(d) suspected. This level of confidence corresponds to a perception that the hypothesis may be true, but there are insufficient data to draw a conclusion to the exclusion of any other reasonable conclusion.

Ultimately, the decision as to the level of confidence in data collected in the investigation or any hypothesis drawn from an analysis of the data rests with the investigator. The final opinion is only as good as the quality of the data used in reaching that opinion. If the confidence level of the opinion is only "possible" or "suspected", the cause should be listed as unknown, undetermined, or under investigation.

The 1995 edition deleted the references to criminal and civil legal proceedings, unlike the 1992 edition. However, the 1998 edition of NFPA 921 contained a far more extensive revision of this section, eliminating the categories for levels of confidence. The 1998 edition states:

12-6 opinions. When forming opinions from hypotheses about fires or explosions, the investigator should set standards for the degree of confidence in those opinions. Use of the scientific method dictates that any hypothesis formed from an analysis of the data collected in an investigation must stand the challenge of reasonable examination. (see chapter 2.) [see daubert v. Merrell dow pharmaceuticals, inc., 509 u.s. 579, 113 s.ct. 2786 (1993).]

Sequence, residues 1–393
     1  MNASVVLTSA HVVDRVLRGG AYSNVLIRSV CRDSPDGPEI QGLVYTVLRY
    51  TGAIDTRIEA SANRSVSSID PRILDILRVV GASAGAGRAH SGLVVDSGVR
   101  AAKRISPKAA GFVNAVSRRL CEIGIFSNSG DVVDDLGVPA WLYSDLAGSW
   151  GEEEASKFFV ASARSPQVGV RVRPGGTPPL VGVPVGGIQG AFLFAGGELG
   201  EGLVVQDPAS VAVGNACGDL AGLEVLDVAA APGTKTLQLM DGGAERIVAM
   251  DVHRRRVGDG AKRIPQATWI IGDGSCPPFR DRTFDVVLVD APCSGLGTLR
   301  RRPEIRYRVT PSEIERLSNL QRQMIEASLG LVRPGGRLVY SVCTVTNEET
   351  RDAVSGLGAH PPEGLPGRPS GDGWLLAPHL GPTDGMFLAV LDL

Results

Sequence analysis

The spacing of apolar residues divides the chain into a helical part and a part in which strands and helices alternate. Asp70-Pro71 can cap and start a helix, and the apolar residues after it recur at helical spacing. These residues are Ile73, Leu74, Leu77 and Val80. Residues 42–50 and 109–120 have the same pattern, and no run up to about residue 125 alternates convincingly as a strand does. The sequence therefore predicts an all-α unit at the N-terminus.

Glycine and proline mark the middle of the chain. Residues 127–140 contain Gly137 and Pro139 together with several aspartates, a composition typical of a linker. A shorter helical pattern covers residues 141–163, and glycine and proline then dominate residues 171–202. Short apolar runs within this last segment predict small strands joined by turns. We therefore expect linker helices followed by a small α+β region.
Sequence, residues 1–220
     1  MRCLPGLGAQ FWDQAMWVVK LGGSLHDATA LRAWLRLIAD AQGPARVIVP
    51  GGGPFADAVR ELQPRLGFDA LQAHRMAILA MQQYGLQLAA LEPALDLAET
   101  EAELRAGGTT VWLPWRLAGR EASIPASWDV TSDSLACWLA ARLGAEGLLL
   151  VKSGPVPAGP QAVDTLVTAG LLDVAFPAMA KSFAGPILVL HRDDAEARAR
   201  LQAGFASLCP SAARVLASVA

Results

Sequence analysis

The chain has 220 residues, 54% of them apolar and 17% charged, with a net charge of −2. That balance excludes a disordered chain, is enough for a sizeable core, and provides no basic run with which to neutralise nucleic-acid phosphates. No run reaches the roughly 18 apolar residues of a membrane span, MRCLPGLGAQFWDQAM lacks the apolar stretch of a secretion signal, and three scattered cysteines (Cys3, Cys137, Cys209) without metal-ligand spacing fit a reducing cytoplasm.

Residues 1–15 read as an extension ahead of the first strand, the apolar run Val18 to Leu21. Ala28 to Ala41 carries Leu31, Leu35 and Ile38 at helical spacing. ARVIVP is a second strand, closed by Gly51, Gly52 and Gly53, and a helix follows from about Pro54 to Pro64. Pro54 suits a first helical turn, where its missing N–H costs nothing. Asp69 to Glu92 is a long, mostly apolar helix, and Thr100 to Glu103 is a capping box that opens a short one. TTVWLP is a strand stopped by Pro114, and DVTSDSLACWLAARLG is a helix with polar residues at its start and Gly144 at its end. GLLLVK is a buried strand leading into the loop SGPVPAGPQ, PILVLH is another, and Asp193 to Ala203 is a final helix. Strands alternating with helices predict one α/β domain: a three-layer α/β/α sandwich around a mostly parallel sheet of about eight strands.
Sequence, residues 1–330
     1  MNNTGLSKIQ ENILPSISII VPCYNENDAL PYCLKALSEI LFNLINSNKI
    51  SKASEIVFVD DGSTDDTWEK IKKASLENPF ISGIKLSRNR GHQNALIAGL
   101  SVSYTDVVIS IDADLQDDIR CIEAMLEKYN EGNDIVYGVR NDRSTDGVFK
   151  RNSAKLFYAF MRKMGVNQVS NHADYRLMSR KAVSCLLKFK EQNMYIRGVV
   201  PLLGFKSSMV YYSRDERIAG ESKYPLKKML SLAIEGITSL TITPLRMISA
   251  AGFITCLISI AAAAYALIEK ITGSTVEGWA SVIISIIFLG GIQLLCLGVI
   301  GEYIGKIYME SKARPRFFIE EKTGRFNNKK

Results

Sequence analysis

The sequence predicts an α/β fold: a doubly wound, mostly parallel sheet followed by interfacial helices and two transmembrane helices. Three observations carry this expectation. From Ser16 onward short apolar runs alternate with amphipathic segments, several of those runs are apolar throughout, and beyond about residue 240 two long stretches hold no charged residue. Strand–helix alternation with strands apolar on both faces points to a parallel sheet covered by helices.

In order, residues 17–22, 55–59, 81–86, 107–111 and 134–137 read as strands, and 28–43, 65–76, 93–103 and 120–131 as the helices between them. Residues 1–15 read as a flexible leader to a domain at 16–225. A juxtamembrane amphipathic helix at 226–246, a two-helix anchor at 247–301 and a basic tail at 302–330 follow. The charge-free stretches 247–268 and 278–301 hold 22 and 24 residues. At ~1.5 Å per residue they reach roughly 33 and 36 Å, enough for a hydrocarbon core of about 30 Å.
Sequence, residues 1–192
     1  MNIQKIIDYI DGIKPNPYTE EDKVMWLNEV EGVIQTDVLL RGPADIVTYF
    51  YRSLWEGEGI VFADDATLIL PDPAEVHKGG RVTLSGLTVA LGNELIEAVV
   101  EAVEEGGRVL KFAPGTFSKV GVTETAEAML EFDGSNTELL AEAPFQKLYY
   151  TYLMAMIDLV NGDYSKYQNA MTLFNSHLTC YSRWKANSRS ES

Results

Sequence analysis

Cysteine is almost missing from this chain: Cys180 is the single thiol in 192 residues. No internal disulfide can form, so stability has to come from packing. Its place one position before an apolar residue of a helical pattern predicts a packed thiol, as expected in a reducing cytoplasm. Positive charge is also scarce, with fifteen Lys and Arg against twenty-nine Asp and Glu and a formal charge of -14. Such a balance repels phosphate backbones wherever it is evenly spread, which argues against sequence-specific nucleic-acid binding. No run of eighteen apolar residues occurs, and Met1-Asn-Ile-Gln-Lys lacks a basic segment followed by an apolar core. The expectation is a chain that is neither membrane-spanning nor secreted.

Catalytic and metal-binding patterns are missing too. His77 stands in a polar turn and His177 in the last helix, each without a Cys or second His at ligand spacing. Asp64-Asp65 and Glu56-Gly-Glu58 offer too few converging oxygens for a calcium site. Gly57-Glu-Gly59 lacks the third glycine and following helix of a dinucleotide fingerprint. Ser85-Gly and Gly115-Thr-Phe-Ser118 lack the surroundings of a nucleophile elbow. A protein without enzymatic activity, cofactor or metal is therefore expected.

Ultimately, the decision as to the level of confidence in data collected in the investigation or any hypothesis drawn from an analysis of the data rests with the investigator. The final opinion is only as good as the quality of the data used in reaching that opinion. If the confidence level of the opinion is only "possible" or "suspected," the cause should be listed as undermined.

Thus, NFPA 921 now essentially leaves it up to the investigator to find an appropriate level of confidence in the findings and conclusions of the investigator. However, the legal sufficiency of an opinion will remain an issue for the judge to decide.